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When your convenience store gets robbed twice a month, you need a special kind of employee behind the register. That's me. I like the night shift, which is good, because those in my condition tend to stay up all night. The late shift is usually busy on the front end and tapers off to dead quiet later, perfectly matching my body's natural energy levels. It also leaves me with time to contemplate life, the irony of it all!
A better job would be night watchman at a chemical factory I suppose, but I'm not comfortable with all the noxious chemicals that may or may not affect me. Supposedly it's all safe now with OSHA guidelines, but I'm skeptical. Man has delved too deeply into chemistry without glancing from side to side to consider all its ramifications to those of us with unusual medical conditions. Anyway, I digress.
I'm half way through my Wittgenstein when the customer comes in that will rob me tonight. It's the eyes, I suppose, or the carry of the shoulders that gives her away. Her red pea coat might conceal a shotgun, but I predict a handgun. I wonder what Freud might have made of her choice if he were in my place, but I suspect that he would have more pressing issues on his mind than penis envy, or lack thereof, in the woman's choice of weaponry. He'd probably be pissing his pants. Some of us just aren't cut out for working the night shift.
Her coat is worn at the shoulders from too many heavy purses and her sneakers are coming apart at the soles. Most of her brown hair is hidden under a knit beret. Her eyes , peeking out from under frizzy bangs, are all sunken in from too little sleep with little dark spots on the lids that will only get worse as she ages. Frown lines are inexpertly spackled with makeup, making them all the more noticeable under the fluorescents. I wonder if I pity her, and decide that I do not.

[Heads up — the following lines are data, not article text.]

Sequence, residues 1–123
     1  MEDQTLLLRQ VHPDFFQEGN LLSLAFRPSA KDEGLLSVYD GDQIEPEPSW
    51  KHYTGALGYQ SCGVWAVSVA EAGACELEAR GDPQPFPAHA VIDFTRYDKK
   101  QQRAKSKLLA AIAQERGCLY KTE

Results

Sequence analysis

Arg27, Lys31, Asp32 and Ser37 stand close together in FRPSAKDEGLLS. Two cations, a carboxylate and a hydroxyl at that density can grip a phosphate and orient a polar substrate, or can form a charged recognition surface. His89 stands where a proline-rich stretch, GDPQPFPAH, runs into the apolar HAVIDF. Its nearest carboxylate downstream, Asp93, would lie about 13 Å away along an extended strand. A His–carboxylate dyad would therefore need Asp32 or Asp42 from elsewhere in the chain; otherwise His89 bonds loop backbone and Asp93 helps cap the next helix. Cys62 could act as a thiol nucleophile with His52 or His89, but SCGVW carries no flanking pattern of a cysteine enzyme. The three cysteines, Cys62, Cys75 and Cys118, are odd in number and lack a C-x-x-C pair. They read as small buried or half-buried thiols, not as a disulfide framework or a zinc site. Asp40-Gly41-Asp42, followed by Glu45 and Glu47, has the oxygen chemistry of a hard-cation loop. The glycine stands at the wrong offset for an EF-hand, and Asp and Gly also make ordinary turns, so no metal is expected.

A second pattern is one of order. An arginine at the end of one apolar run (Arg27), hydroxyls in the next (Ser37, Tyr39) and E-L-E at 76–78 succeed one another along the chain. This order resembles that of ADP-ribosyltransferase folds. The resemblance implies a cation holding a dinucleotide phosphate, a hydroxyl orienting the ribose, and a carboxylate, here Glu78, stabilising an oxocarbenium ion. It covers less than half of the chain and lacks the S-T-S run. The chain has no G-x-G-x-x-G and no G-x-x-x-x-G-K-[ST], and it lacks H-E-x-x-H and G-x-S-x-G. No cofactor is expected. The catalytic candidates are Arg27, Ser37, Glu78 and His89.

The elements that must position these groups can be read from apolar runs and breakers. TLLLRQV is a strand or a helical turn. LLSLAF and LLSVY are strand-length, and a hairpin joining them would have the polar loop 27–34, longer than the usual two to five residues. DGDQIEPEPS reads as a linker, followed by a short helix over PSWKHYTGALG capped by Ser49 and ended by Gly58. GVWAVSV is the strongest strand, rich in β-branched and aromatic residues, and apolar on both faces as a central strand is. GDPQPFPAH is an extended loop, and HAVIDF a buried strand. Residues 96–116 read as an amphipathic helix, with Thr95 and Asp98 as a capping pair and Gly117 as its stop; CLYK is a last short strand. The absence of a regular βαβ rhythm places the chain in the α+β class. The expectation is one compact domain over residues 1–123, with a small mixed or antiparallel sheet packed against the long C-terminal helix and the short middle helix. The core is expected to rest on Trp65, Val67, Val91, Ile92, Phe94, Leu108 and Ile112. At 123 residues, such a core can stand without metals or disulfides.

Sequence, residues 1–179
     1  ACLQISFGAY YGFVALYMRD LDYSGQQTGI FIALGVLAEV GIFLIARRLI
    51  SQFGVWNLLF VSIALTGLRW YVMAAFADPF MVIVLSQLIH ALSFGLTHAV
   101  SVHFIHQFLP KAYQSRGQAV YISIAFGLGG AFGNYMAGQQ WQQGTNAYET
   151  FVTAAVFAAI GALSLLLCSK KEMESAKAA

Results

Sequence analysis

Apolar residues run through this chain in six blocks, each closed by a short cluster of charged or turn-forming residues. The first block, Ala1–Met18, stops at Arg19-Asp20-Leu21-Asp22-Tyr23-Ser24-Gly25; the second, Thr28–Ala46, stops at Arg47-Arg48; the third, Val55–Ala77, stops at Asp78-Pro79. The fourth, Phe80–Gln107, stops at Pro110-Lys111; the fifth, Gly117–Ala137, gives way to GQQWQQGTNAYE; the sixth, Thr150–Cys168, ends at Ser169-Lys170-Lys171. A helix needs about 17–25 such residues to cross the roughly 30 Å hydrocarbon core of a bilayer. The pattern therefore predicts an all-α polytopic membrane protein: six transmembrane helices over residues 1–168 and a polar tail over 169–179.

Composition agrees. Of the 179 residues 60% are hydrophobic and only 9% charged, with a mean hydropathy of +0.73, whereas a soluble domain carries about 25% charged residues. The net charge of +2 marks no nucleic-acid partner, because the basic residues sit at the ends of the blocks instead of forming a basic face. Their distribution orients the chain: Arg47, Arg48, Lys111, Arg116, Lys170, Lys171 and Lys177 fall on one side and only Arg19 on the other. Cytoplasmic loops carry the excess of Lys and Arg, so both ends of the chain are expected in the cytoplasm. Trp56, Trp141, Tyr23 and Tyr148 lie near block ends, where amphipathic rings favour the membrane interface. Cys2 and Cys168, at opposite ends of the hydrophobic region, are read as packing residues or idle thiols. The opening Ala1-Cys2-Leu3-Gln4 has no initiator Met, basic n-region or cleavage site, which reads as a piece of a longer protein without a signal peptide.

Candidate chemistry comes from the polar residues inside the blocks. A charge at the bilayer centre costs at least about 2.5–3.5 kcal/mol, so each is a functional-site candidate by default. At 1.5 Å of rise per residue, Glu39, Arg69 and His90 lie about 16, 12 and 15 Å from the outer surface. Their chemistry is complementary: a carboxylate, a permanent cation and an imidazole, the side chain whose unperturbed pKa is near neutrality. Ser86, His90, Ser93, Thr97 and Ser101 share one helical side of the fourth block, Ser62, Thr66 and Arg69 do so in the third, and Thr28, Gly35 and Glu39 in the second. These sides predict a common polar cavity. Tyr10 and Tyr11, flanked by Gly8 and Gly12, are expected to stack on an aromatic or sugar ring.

“No,” I say, “We have Barq's and Dad's, but no A and W.”
“Well then just give me some smokes.”
“The ones from over there,” she says, nodding at something over my shoulder. Amateur distraction, that. Sometimes they run if you just hold your ground.
“Virginia Slims?” I stare right at her as she shifts from foot to foot.
“No, those.” She points at the rack with a wiggling finger.
“Those are American Spirit,” I say, not bothering to turn around. “You want the regular or lights?”
“No, not those, the other ones. The ones I'm pointing at.” She's almost whining at me.
“Why don't you just tell me what they're called?” I say.
“Goddammit, I don't know the names, just what they look like, okay?” She jabs her finger over my shoulder like she's leading a cavalry charge. “Gimme those.”
They always try to distract you, well almost always. Funny how people are willing to put a bullet into you for a measly few dollars, but won't look you in the eye when they pull their gun. I've met exactly three humans that had the courage or sociopathy to meet my gaze and pull their weapon. This woman doesn't have it. I don't pity her, I don't want to do her a favor, but I do want to get back to my book so I sigh and turn around. I hear the whisper of cloth and feel air tickle the back of my neck.
“You know,” I say,”if you pull the trigger now my chest will explode, my brains will paint the wall, or you're going to miss. In any case, the register isn't going to open and there's going to be a God-awful mess.”
“Just turn around, real slow,” she says.
“Slow is a relative term. What's slow to me may still get me shot. How about snail slow? Turtle slow? Mime in an invisible forcefield slow?” I pause, but she doesn't say anything. “The Earth is spinning at just over a thousand miles an hour, and I'm on the Earth, so I'm not moving all that slow at all, am I?”
“Einstein corrected that bullshit Newtonian thinking hundred years ago,” she says.
I turn around, real slow. She's standing taller now, shoulders back, and pointing a mini-cam at me.